Modern 26 treasures have a provenance. We know when, where, by whom, for whom, with what, (and, occasionally, at what cost) they were made. We know where they have been, since first they were created. We can trace their history. We can tell their story.
For my treasure – the Cramond Lioness – all these questions remain unanswered and are perhaps unanswerable: a mystery which heightens interest, and allows many alternative stories to suggest themselves.
The undisputed facts are that it was pulled from the mud at the mouth of the River Almond after discovery by the Cramond ferryman, Rab Graham in 1997. It’s almost certainly Roman in origin, and a Roman fort stood at the site around the time of the building of the Antonine Wall some 18 centuries ago.
It’s a massive piece of work, carved from sandstone. A fearsome animal devours a remarkably calm bearded man, who is naked, exposing a muscular torso, and who may have his arms bound. A prisoner then, marked out for death, perhaps in the arena: execution as entertainment. Pour encourages les autres.
But who is he? What was his crime? Why does he go so blithely to his maker? An early Christian, martyred for his belief? A common criminal, glad his tortures are over at last? A rebellious general, convinced his cause will yet prevail?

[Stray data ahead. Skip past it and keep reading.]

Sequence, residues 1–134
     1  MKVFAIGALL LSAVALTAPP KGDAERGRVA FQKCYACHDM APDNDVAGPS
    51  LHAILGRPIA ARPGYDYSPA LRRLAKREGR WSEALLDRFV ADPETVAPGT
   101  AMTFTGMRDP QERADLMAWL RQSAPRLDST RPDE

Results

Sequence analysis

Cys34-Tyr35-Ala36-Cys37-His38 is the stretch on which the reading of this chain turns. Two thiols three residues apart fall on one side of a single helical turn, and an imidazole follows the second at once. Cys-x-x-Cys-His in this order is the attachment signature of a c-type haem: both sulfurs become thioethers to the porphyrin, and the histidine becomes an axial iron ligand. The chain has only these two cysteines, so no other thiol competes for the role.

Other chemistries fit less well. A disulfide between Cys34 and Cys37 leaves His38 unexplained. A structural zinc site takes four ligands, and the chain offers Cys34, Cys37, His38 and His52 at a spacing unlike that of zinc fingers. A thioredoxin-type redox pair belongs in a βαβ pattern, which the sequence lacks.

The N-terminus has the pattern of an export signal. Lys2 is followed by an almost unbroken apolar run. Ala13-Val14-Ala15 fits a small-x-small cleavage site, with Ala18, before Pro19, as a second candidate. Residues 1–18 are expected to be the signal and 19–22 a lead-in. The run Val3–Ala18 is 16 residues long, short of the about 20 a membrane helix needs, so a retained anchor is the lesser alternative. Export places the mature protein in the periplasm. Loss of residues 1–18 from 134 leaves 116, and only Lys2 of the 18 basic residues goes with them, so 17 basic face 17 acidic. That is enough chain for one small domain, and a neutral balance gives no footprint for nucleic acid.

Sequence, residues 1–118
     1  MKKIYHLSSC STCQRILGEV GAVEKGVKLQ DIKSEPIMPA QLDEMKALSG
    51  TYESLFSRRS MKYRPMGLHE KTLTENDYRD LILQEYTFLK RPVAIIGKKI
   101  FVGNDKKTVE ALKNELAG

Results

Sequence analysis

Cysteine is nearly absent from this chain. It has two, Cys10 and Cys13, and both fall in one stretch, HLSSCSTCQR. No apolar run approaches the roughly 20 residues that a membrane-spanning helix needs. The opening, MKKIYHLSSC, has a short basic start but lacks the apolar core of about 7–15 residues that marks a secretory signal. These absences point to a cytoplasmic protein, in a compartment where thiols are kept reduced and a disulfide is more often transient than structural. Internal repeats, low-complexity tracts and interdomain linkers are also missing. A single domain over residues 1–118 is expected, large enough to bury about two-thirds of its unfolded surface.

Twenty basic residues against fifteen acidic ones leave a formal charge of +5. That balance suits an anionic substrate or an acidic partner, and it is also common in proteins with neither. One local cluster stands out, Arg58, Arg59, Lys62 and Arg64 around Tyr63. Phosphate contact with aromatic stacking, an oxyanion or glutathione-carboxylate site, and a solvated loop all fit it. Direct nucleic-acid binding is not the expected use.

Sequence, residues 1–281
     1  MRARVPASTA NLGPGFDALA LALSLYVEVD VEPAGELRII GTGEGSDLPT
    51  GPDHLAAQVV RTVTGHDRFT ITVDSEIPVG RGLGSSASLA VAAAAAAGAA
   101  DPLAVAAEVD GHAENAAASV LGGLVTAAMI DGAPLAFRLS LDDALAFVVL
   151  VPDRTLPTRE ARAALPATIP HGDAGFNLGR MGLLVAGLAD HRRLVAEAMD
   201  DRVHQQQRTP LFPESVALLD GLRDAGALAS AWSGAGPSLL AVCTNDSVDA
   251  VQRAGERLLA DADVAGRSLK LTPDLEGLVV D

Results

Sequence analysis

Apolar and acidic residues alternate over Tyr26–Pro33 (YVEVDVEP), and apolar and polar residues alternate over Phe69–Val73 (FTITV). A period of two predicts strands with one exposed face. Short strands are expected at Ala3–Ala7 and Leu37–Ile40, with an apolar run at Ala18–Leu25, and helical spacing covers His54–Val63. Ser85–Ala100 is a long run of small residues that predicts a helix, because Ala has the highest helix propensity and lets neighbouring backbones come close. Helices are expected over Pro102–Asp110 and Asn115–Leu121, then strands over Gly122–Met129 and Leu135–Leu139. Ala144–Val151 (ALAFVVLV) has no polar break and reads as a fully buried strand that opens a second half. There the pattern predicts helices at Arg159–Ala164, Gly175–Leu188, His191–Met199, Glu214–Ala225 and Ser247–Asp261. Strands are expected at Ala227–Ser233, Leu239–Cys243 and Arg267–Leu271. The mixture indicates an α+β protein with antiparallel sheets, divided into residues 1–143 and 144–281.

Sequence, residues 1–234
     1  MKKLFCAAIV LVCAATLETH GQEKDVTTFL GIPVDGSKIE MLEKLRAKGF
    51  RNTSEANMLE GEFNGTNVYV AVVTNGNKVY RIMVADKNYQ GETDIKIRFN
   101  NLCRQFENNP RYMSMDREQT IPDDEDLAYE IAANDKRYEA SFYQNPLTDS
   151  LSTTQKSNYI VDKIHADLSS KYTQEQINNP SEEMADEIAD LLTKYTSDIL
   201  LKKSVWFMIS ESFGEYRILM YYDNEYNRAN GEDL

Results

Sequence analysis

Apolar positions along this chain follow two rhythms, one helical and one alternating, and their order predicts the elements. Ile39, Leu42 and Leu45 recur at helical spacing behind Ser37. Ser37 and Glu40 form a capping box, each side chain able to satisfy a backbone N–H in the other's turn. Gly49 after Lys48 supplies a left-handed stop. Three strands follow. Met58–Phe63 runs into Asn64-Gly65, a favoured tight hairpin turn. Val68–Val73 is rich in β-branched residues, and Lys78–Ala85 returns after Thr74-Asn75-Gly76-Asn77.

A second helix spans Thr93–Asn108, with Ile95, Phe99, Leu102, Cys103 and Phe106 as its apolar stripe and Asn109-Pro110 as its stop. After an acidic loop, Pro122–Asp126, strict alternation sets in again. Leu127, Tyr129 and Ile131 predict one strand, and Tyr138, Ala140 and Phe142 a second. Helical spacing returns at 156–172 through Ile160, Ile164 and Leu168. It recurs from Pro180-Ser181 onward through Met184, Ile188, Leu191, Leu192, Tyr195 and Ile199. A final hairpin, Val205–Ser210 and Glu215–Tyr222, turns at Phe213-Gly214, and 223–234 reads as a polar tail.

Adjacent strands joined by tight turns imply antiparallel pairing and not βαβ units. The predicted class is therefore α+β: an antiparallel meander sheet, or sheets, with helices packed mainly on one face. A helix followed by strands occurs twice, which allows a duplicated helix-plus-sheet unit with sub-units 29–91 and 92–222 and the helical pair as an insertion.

The sandstone is probably British, and possibly local. Yet apart from Toblerone teeth, the lioness is terrifyingly naturalistic, as if the sculptor had surely seen such beasts close up, in the wild, or in the cages under the Coliseum. So his stone might be local - but sculptor and subject are not. Why did he come to Britain? Why to this, the Northernmost frontier of the Roman Empire? Was he exiled here? To serve a military master, with decorations for his tomb? And was this indeed its purpose, as the snakes curling over the plinth are said to imply?
The story of its discovery bears telling. Although two million tides had ebbed and flooded over its head since Roman days, winter storms in 1996 scoured the concealing and protective silt away, to expose the lioness’ face at low spring tides. Positioned, as it was, below the quayside steps, Mr Graham thought it first a rock which might damage his boat, and then, as its carved nature emerged, a possible garden ornament for his Forth-side lawn. But when he set to digging it out, he soon saw it was something greatly more substantial, and reported his find. Careful excavation, removal, cleaning and preservation followed, until now it crouches, menacing and powerful, in the NMS.
It is remarkable that the building of the Cramond quay did not lead to its earlier discovery, to damage, or to encasement in concrete: but how it came to be there in the first place is to my mind the most interesting question of all. I picture the Picts, exploring the fort after the Romans have finally abandoned it and headed south to begin their long slow implosion of Empire. They pick over the empty buildings for anything of value or utility; but finding little, their anger at the departed occupiers rises. The start to break things, beginning with the small and fragile: but this is not enough to mark liberation or victory, so they look around, they look up, for something bigger, something solid, something symbolic. And seeing this enormous sculpture of cruelty imposed as both punishment and entertainment, they know what they must do. They smash down supporting walls, till the lioness crashes to earth, breaking its plinth. They drag it to the water’s edge; and they hurl it in, where it vanishes from view as completely as Roman rule has vanished from their land.